Fairbanks Daily News Miner: Sen. Murkowski confident of Asian gas market

FAIRBANKS — Alaska Sen. Lisa Murkowski is confident there’s a market for Alaska’s natural gas in Asia after a recent trip to Japan and Taiwan.

During a teleconference with reporters on Wednesday, Murkowski reported that Japanese officials and representatives from a number of Japanese utilities were particularly interested in adding Alaska’s natural gas to their energy portfolios.

“I got the impression that if Alaska was in a position to offer up contracts up today that the Japanese would be very interested in participating,” she said.

Asia’s markets have been a potential target for Alaska exports in recent years. That target would be the key driver behind the construction of a proposed large-diameter pipeline from North Slope to tidewater. While prices have fallen in the Lower 48, prices for natural gas in Asia remain high.

Those high prices have drawn interest in many countries with large reserves of natural gas, and Murkowski acknowledged that Alaska won’t be the fastest to respond.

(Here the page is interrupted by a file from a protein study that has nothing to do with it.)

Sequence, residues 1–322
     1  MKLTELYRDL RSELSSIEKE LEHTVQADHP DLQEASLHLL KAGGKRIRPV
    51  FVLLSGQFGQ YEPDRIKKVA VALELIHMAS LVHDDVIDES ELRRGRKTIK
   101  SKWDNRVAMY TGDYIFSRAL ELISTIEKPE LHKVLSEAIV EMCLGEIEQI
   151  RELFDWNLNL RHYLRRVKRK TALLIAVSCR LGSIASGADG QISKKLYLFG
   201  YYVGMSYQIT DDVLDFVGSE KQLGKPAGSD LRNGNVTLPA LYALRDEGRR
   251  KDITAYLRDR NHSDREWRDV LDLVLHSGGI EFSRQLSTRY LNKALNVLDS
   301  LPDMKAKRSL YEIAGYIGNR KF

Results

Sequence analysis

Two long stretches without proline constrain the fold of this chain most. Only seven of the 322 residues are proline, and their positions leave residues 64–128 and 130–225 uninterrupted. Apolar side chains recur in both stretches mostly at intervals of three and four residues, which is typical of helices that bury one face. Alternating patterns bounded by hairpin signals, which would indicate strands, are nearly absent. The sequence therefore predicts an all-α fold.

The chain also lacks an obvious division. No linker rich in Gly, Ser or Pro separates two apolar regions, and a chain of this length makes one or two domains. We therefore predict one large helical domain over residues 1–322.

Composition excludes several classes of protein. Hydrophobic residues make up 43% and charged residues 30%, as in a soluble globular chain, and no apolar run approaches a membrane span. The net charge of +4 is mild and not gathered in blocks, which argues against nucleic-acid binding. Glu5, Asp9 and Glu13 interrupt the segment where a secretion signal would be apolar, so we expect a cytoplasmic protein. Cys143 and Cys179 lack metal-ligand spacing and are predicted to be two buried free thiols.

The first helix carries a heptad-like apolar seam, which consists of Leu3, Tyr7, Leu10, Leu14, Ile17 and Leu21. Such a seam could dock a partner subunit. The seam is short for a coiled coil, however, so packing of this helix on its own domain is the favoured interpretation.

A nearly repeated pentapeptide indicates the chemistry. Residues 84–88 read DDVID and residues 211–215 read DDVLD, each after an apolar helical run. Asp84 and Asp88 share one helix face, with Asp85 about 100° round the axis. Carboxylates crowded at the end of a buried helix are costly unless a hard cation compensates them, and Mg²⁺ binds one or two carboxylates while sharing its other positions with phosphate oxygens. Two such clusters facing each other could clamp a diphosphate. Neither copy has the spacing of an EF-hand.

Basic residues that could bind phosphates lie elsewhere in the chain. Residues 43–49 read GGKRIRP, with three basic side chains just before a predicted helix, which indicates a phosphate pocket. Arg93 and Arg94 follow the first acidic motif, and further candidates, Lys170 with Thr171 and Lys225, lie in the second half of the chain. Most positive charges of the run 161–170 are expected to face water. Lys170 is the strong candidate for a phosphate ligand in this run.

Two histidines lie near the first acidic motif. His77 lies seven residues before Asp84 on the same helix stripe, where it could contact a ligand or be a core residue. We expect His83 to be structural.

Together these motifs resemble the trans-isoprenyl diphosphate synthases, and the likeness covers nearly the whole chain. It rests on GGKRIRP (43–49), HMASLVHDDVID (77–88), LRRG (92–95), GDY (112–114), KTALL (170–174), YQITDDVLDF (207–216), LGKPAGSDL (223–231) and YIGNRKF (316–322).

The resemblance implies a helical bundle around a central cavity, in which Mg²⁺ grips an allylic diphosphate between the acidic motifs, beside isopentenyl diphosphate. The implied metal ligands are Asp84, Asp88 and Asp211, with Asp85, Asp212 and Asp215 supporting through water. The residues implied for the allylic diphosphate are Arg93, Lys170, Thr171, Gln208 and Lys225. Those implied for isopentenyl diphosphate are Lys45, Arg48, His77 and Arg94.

“There was a lot of inquiry about a natural gas pipeline and the timing of that,” she said. “We can’t give any guarantees or timelines on that at this time. ... What I can report is there’s very, very keen interest in gaining access to Alaska’s natural gas.”

While Alaska might be slow to the market, it also carries several advantages over other countries, she said.

“There’s a lot of opportunities and comparative advantages that Alaska has with other areas,” she said. “Most notably is the large resource base, but we also have the benefit of a 30-year relationship. We’ve also got political stability. Japan is quite concerned that so much of their LNG is coming to them from areas that are less than stable.”

In addition to the hurdles in building a natural gas pipeline, there’s also the issue of whether the federal government will allow additional natural gas exports. Many politicians and utilities are opposed to granting additional export licenses, Murkowski said. She said she believes it’s an issue that could be resolved in the coming months.

“There’s going to be a lot of good old genuine debate about the pros and cons of increased export,” she said.